A report, published in Annals of the Rheumatic Diseases, disputed recent recommendations to use a treat-to-target strategy (T2T) in patients with axial spondyloarthritis (axSpA). Researchers, headed by Anna Molto, MD, PhD, from the Rheumatology Department at Hospital Cochin in Paris, France, compared a tight-control/treat-to-target strategy (TC/T2T) against usual care (UC), and found that TC/T2T did not produce significant benefits over UC percentage of patients who achieved a 30% or greater improvement on the Axial Spondylo Arthritis International Society-Health Index (ASAS-HI).

While TC/T2T was not superior to UC in the study’s primary endpoint, it was advantaged in all the secondary efficacy outcomes and displayed a similar safety profile with evidence of favorable economic characteristics, reported Dr. Molto.

The study formed equal arms out of participants that met ASAS criteria for axSpA, had an Ankylosing Spondylitis Disease Activity Score (ASDAS) of 2.1 or more, and had received anti-inflammatory drugs, but not biologics.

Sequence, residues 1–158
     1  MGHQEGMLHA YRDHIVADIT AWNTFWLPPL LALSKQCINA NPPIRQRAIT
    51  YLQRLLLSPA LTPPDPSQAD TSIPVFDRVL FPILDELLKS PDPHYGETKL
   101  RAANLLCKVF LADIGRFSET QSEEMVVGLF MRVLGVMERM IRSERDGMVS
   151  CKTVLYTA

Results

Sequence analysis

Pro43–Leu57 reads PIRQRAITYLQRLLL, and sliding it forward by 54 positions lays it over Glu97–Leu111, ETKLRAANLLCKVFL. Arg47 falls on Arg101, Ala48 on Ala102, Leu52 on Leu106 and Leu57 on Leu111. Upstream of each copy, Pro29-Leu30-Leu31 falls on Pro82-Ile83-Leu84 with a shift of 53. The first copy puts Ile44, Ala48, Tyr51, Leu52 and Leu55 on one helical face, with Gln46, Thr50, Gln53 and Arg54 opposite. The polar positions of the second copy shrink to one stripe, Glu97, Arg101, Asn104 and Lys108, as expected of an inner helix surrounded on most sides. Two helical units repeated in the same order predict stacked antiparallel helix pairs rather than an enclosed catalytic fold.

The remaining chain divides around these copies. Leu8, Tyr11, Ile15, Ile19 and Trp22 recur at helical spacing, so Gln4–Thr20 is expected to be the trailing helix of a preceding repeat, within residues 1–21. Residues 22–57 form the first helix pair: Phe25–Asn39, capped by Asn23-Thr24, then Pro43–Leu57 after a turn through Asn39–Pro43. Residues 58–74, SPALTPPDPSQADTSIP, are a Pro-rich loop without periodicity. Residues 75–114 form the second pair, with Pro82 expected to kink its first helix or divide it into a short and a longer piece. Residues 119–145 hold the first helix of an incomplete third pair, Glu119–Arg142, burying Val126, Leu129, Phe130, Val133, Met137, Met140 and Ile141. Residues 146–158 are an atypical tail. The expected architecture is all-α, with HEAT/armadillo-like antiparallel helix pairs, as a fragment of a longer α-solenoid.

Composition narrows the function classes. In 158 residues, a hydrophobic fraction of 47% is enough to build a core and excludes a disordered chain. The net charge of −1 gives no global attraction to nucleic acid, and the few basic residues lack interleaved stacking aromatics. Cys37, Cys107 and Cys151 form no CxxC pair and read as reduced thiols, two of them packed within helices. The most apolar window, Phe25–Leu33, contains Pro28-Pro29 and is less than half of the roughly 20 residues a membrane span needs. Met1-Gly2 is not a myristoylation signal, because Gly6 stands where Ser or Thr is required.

The TC/T2T arm performed visits every four weeks with a prespecified intensification strategy until they achieved a treatment target (ASDAS < 2.1). The UC arm performed visits every 12 weeks with treatment at the rheumatologist’s discretion. Cost-effectiveness was assessed by the incremental cost per quality-adjusted life-year (QALY) gained for TC/T2T versus UC.

Mean ASDAS at inclusion was 3.0 (standard deviation [SD] = 0.7), and ASAS-HI was 8.6 (SD = 3.7). Though the difference was not significant, ASAS-HI improved by 30% or more in 47.3% of the TC/T2T patients versus in 36.1% of the UC patients. TC/T2T resulted in an additional 0.04 QALY, and saved €472 compared with UC.

Given the potential of the TC/T2T approach observed in the study, Dr. Molto assessed that it “might be beneficial in axSpA, but other strategy trials for this disease aiming to evaluate the efficacy of TC/T2Tin this setting are needed to build on our findings.”

Source: Annals of the Rheumatic Diseases